Office Absorption to Stay Negative Through 2025

Will borrowers be able to refinance and meet their debt service coverage?

Office space absorption is expected to remain negative through 2025, with that rate gradually slowing by the end of next year, according to a new report from NAIOP.

The office market performed worse in the first quarter of 2024 than previously forecast, with national office net absorption totaling a negative 13.4 million square feet, the NAIOP Research Foundation’s Office Space Demand Forecast reported.

NAIOP office space demand forecast
The NAIOP office space demand forecast. Chart courtesy of NAIOP

Some companies might have paused expansion plans due to a reversal of optimism they held late in 2023 about 2024’s prospects.

Elevated interest rates are not helping. They are expected to remain high, at least in the near term.

The combination of net absorption rates (a large supply of unrented office space) and a great number of loans that need refinancing will create devastating effects for regional banks, Alan Hammer, executive committee member at Brach Eichler, told Commercial Property Executive.

“We are on the verge of a crisis in the industry, with very little lending ongoing at the regional level because the banks need the money themselves to offset their exposures,” he said. “However, the problem right now is not just higher-for-longer interest rates. As the interest rates continue to rise, borrowers will not be able to replace their existing debt amounts for reasons including their inability to meet their debt service coverage ratios.”

He said anyone who aggressively refinanced their loans in the past five years will have a hard time refinancing and meeting their coverage ratios, forcing banks to extend existing loans and work out terms on an individual basis.

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Many have pointed to the structural shift in the use of space due to remote work (i.e., less office space leased per employee) as a culprit, but NAIOP said much of this change is already reflected in current market conditions.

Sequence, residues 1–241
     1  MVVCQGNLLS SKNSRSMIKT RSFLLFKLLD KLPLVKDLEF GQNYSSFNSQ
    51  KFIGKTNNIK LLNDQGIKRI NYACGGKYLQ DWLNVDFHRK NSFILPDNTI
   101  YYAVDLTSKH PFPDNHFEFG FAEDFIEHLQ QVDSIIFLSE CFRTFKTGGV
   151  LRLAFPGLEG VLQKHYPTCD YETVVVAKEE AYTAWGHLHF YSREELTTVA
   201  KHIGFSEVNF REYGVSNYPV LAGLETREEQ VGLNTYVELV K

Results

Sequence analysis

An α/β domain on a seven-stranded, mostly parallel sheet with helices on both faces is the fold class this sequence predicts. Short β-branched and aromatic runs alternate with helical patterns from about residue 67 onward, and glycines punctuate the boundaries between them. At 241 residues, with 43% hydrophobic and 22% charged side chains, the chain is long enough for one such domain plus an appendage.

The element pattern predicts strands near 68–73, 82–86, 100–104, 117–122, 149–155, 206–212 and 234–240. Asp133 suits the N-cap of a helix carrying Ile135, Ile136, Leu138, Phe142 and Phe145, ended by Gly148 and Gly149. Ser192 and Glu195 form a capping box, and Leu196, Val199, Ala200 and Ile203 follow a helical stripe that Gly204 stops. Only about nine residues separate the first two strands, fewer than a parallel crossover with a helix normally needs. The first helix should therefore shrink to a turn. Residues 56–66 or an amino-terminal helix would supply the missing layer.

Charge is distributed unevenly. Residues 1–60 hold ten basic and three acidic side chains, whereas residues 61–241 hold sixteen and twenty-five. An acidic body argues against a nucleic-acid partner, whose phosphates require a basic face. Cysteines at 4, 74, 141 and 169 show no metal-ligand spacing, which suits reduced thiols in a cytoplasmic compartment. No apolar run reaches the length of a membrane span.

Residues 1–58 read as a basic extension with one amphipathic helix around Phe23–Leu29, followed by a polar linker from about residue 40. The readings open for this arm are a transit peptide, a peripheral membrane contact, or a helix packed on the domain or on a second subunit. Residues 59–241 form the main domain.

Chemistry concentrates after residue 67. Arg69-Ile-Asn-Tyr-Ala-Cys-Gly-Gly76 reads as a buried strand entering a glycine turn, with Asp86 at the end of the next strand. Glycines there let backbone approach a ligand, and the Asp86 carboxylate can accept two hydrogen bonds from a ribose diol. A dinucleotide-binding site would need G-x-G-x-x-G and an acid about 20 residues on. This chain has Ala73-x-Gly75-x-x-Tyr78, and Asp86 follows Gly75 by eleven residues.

“Occupiers have had several quarters to adapt to new work patterns, and macroeconomic and general business conditions will likely play a larger role in shaping their leasing decisions in the coming quarters,” the report stated.

The timing of lease signings

Tere Blanca, founder, chairman & CEO of Blanca Commercial Real Estate, told CPE that current market conditions largely reflect the structural shift in space usage stemming from the pandemic, resulting in a “math problem” of sorts, regarding the state of leases.

Although different from market to market, she said the average length of an office lease in the U.S. is five years.

“With the structural shift in office space usage starting in the latter half of 2020 and into 2021, most tenants that signed leases before the pandemic have had the chance to adjust their office footprint, which is already reflected in absorption and vacancy numbers,“ Blanca said.

“While some larger tenants, who typically sign longer leases, have not yet signed a new lease, those who have determined they have excess space have likely already listed that space for sublease or attempted to negotiate terminations or contractions with landlords,” she added.

The NAIOP office space demand forecast, annual net absorption
The NAIOP office space demand forecast vs. annual net absorption. Chart courtesy of NAIOP

Blanca said that most companies have a grasp on their office usage and have been able to adjust their footprint to reflect that. However, space usage is not static, and some tenants may decide to reduce footprint further, or expand closer to their original footprints.

Returning unused office space now common

Four years after the global lockdown, companies are now better equipped to make long-term decisions regarding their space requirements, according to Adam Starr, vice president of leasing & senior director at PEBB Enterprises.

He told CPE these companies, now in a stronger position to plan for the future, have increasingly decided to give back large blocks of space.

“This trend of returning unused space has become common over the past 18 months,” Starr said.